The Munich Regional Court has ruled AdBlock Plus and its ad-blocking software to be in-line with antitrust and anticompetitive laws following action from two German publishers.  

Media firms ProSiebenSat.1 and IP Deutschland had attempted to sue AdBlock owner Eyeo on the basis of its product, now available as a browser and browser extension, blocking ads on their respective web properties.

The case was also weighted by claims that AdBlock’s ‘Acceptable Ads Policy’ allowed firms to pay a fee in order to have their inventory displayed to users. 

But it was bad news for the two publishers, as AdBlock made it two legal triumphs in as many months following a similar claim by German publishers Die Zeit and Handelsblatt at a court in Hamburg.

Blocking ads (and appeals)

With over 400 million users worldwide, AdBlock’s ‘Plus’ extension for eradicating most forms of advertorial from the web has attracted a great deal of controversy since making a name for itself.

The company now has an extension supported by many of the world’s most-popular browsers, including Firefox, Google Chrome, Internet Explorer and Russia’s Yandex, and a dedicated browser for Android.

Despite only being live for a week, the company says its new Android solution has already racked up 220,000 downloads, with an iOS version on the way. 

While some web users have leapt at the offering of an ad-free internet, the company’s rise to prominence has not gone down well with publishers in Europe. 

Ben Williams, a spokesman for AdBlock, told BBC that ProSiebenSat.1 and IP Deutschland’s case marked the fourth time publishers had brought legal proceedings against the start-up, and the “biggest one it had faced to date”.

The issue at hand

Where the courts were concerned, the most-recent case was flawed on two main points: the fact that users have the option to download the software, making it a non-compulsory addition to their browsing experience, and that AdBlock is not popular enough to be deemed a threat to publisher ad revenues.

While the former cannot be contested, it’s the latter point that may cause a great deal of disgruntlement from the ad-tech industry. Objection has already been voiced by ProSiebenSat.1 and IP Deutschland, who are weighing up their options ahead of a possible appeal.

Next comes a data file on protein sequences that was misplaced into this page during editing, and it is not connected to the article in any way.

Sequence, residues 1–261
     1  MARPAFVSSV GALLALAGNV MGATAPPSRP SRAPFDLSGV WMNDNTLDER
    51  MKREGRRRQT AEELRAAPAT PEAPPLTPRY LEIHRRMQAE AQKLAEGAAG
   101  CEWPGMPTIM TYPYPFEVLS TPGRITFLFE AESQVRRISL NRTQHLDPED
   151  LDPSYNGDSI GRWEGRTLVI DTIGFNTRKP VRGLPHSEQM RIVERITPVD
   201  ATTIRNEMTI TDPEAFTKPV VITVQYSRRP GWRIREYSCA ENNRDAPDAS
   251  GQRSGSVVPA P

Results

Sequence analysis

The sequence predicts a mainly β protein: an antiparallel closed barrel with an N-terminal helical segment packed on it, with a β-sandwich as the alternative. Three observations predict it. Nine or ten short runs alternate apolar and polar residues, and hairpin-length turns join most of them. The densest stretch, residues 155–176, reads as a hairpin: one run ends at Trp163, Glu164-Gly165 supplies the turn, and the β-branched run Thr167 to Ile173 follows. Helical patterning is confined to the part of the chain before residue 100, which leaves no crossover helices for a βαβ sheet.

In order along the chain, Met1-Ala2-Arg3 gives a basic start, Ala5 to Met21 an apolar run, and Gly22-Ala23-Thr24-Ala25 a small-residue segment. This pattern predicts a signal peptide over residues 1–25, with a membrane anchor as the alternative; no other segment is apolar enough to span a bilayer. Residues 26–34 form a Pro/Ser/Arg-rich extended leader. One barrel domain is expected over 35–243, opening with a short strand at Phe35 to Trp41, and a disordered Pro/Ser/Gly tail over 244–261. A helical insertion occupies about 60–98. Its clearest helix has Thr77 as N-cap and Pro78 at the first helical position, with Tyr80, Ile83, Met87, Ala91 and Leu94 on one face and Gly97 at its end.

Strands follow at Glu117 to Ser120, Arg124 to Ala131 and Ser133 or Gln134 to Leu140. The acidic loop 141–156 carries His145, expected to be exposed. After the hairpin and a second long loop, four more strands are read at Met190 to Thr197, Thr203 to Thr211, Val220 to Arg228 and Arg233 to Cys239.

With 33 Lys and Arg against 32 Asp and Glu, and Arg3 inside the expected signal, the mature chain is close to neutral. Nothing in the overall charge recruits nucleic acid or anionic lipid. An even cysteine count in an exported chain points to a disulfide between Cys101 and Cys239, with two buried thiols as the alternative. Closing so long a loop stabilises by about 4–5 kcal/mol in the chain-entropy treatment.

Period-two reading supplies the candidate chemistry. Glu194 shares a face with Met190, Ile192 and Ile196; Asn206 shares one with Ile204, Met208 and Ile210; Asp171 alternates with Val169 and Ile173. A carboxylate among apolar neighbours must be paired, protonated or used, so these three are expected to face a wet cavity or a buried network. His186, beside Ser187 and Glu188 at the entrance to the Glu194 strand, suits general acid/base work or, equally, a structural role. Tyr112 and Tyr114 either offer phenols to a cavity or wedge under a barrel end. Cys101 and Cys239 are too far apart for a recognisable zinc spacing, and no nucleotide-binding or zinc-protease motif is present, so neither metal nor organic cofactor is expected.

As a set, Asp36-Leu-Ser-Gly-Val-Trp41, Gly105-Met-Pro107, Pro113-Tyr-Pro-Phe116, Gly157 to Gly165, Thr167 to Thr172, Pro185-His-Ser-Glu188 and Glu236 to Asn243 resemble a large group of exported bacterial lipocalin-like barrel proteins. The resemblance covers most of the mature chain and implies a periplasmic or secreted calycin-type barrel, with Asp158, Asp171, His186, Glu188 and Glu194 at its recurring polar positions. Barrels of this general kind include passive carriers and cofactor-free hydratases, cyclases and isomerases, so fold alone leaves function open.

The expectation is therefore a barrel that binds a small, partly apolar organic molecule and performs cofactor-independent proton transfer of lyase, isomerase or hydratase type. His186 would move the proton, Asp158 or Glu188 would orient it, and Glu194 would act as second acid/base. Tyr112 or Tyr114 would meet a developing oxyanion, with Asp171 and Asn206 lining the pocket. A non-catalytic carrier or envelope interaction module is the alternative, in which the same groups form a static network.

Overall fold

The firm is also awaiting the verdict of a similar case from publisher Axel Springer at a court in Cologne. 

From the perspective of the publishers that have taken legal action, AdBlock is certainly popular enough to make an impact on their industry. 

Research from PageFair and Adobe points to a 70% rise in the use of ad-blocking software last year, which has helped AdBlock to 50 million monthly users. According to reports, the company is also generating revenue from a ‘white list’ of advertisers, featuring names such as Amazon and Google, who are still allowed to display their inventory.

A new appeal came to nothing on Wednesday (May 27), as the Munich court insisted that AdBlock did not have enough dominance to threaten antitrust laws, set to promote fair competition among businesses for the benefit of web users.

Work to be done

Although some corners of the advertising industry maintain that AdBlock is not promoting fair practice, others believe the popularity of its system highlights the work that needs to be done in improving consumer perception around ads.

Speaking to PerformanceIN, Justin Taylor, UK managing director of video ad firm Teads, believes web users have every right to demand more out of the companies that support publishers financially.

“The ad industry has an important role in keeping web content free, but it must get better at engaging, not interrupting and enraging consumers. That means introducing new formats which web users find less invasive, designing more creative ads and giving consumers a degree of control.”

His comments follow claims from Berit Block, of programmatic ad software group DataXu, that it is up to the advertisers to help – rather than annoy – the people they engage with.